Negotiating the sharing of outdoor space
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With more small businesses reopening across Victoria, working out how to maximise your outdoor space will help to create a safe environment while allowing you to capitalise on new opportunities for trade.
In your business precinct, there might be scope for you to use a footpath or outdoor space that falls in front of other businesses. Working with these business owners to create a fair agreement on how the space will be used is the best way to avoid running into problems. It also helps to make sure you all attract – and benefit from – the hike in foot traffic that comes with eased restrictions.
Top tips on how to negotiate
Before talking to your neighbouring business owners:
- check your lease so you know the boundaries of your premises
- talk to your local council’s economic development team about what the processes are in your local area for using space that falls outside of these boundaries
- make a clear plan for how you would like to use the space surrounding your business, remembering to be open and flexible (what you propose might need adjusting to work for the other businesses).
What to keep front of mind when negotiating:
- Communication is key, so when working with the business owners to reach an agreement, clear and open communication is the best way to start.
- Avoid assuming the outcome. There might be a way to use the space that seems obvious to you but isn’t workable for one of the other businesses. Before you move ahead with planning how you will use their outdoor space, it’s really important to consult with them to understand their needs and interests.
- Stay curious. The business owners might have valid reasons for not wanting to share their footpath – be it concerns about poor visibility or may be parking.
- Find solutions. If your plan involves a parklet, neighbouring business owners might have issues with carparking spaces being removed. Your local council might be able to give you data on the availability of parking spaces in the area across the day so you can ease their concerns. If they’re worried about visibility, think about ways you can make sure their signage and offerings can be seen and accessed.
- Give incentives. It can help to offer neighbouring businesses incentives to get them over the line. Think about what makes your business a unique drawcard for local trade and visitors to the area and how a cross promotion might result in a shared benefit. If you have a loyal following on social media, could you offer to promote the other businesses on your accounts? Could you offer a free meal or coffee with every purchase of a particular service or product of the other businesses?
Making an agreement
It’s really important to document your agreement in writing. Check in with your local council economic development team as they will most likely have a standard form agreement. Make sure it includes:
- timeframes – including how long you both agree that the arrangement will last
- any conditions or incentives that you have agreed to.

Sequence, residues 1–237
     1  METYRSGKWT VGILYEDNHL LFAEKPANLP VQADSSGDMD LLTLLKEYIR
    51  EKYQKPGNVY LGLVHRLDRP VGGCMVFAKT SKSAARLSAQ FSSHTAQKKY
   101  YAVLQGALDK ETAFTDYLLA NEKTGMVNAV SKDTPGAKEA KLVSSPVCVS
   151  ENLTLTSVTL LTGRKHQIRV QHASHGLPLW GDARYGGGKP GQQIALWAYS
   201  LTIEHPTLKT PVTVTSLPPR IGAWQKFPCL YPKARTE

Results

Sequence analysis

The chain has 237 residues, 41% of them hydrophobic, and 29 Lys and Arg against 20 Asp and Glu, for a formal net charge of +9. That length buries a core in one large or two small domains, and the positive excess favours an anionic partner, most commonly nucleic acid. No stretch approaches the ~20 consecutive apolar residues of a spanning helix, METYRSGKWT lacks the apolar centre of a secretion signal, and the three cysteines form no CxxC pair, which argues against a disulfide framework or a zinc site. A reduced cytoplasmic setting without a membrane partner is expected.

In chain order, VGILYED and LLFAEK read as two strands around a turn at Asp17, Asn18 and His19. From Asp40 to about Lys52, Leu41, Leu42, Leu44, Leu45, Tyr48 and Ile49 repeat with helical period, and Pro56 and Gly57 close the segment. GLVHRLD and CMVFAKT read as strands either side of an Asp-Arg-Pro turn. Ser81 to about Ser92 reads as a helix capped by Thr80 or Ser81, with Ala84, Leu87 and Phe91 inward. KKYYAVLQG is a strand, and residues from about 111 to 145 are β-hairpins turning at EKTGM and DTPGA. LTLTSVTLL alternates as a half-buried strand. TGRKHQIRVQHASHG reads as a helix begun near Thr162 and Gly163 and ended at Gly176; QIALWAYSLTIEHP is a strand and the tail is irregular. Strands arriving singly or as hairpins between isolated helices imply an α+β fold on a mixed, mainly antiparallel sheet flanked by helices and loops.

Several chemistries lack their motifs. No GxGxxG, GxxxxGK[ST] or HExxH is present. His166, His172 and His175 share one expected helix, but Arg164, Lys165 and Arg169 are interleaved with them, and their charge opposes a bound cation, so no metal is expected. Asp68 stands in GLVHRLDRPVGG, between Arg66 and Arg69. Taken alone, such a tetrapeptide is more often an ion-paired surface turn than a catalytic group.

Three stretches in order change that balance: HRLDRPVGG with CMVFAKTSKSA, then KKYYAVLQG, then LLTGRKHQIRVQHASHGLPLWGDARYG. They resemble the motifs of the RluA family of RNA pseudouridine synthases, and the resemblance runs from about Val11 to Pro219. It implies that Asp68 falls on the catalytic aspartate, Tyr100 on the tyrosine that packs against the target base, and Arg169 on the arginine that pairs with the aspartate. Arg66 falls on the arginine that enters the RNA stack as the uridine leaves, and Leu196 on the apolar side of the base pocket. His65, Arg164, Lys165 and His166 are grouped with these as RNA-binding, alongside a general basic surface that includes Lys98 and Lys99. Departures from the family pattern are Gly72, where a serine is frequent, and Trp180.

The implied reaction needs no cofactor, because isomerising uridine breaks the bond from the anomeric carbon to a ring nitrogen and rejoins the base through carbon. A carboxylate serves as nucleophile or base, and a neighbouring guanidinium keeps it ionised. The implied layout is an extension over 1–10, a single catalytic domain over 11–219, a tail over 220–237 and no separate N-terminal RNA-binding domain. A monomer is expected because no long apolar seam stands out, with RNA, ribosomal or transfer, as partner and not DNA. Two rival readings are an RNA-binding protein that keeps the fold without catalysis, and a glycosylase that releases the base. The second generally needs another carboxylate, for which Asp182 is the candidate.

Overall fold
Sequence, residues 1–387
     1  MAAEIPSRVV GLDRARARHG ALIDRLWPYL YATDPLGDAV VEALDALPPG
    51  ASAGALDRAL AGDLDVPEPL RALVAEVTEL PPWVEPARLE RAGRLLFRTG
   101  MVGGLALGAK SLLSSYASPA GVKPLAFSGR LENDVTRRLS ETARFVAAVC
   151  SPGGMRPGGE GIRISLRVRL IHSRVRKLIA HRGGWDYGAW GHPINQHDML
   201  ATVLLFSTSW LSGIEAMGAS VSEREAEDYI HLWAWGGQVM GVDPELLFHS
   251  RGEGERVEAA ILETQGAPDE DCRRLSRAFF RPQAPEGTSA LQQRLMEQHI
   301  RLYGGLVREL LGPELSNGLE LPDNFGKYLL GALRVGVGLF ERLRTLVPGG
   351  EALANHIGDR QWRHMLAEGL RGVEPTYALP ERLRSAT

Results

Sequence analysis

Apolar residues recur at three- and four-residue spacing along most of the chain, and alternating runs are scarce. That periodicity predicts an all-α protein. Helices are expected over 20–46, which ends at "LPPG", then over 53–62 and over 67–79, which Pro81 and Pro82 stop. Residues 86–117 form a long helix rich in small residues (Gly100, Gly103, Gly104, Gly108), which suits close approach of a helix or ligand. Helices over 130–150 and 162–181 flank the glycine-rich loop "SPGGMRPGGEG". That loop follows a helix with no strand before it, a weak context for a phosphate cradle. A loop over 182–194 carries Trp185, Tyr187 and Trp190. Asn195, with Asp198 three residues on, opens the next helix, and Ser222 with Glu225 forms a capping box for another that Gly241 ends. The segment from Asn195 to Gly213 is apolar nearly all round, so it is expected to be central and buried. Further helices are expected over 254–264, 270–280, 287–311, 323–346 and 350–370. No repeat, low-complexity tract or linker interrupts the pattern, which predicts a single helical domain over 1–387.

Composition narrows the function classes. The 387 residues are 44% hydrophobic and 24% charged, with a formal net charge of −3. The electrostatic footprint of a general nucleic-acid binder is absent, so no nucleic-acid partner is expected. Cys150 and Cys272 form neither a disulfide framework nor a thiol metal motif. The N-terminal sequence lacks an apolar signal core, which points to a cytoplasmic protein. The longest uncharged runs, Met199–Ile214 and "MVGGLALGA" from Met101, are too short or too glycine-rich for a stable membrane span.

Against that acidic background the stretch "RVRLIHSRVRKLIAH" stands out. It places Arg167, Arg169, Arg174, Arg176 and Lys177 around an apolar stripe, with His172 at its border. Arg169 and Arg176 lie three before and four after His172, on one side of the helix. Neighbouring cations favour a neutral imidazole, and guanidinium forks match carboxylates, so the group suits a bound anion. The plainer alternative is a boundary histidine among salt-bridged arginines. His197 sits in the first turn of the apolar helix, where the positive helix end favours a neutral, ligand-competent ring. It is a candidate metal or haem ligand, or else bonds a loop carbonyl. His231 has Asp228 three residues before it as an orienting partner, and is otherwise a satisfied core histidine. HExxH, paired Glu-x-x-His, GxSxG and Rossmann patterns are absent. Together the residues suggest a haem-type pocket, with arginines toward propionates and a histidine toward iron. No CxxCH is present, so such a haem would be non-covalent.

Case study: Nicholson Street Mall
As restrictions to trade eased, businesses in Footscray’s Nicholson Street Mall were keen to maximise their use of outdoor space in a way that would result in everyone benefitting. They worked together to share the space, with bar and bottle shop Mr West allowing customers to enjoy a takeaway meal from one of the neighbouring businesses while having a drink at their tables. By collaborating with other businesses, more customers were drawn to the area and wanted to stay for longer.
“Being a bar that has a capacity of 300 across two levels, the restrictions drastically impacted our business – at some points we were only allowed to have 20 people inside. Our bar is designed and set up to cater for 300 people so any less than 100 really wasn’t viable for us.
“Having the opportunity to trade outdoors had an enormous positive effect on our ability to stay financially on track and get the best use out of our space given the circumstances. It is most likely the reason that we are still open today.”
– Josh Hodges, Owner of Mr West, Nicholson Street Mall, Footscray
What to do if you can’t agree and find yourself in a dispute
If you and your neighbouring businesses have tried to work out a plan for sharing the outdoor space and can’t reach a fair agreement, we recommend taking the following steps:
- Collect all relevant documents and details of the dispute. This could include dates and times of discussions, any plans for sharing the outdoor space, details about the product or service incentives that were agreed to, your lease, photos and any written agreements reached.
- Highlight what is relevant to the dispute. Is it that the business owner isn’t honouring the agreement or isn’t hearing your concerns about the current arrangements?
- Contact the business owner, explain the problem and make practical suggestions for solving it.
- Listen to what they say and put yourself in their shoes. Try to see where they’re coming from, even if it’s hard to do.
- Make a list of possible outcomes you would like to see.
- Keep communication about the dispute in writing.
- If you still can’t agree, apply to the Victorian Small Business Commission for help to resolve the dispute, using the small business dispute application form. Make sure you include all documentation of the attempts you have made to resolve the matter.
- Collaborating to increase foot traffic works to everyone’s advantage.
- There are a lot of ways your business can give incentives to your neighbouring businesses in exchange for their space.
- Make sure to get any agreement in writing and if you’re not sure of anything, contact your local council economic development team for guidance.
- If you find yourself in a dispute and the steps you’ve taken to resolve it aren’t working, apply to the Victorian Small Business Commission for help.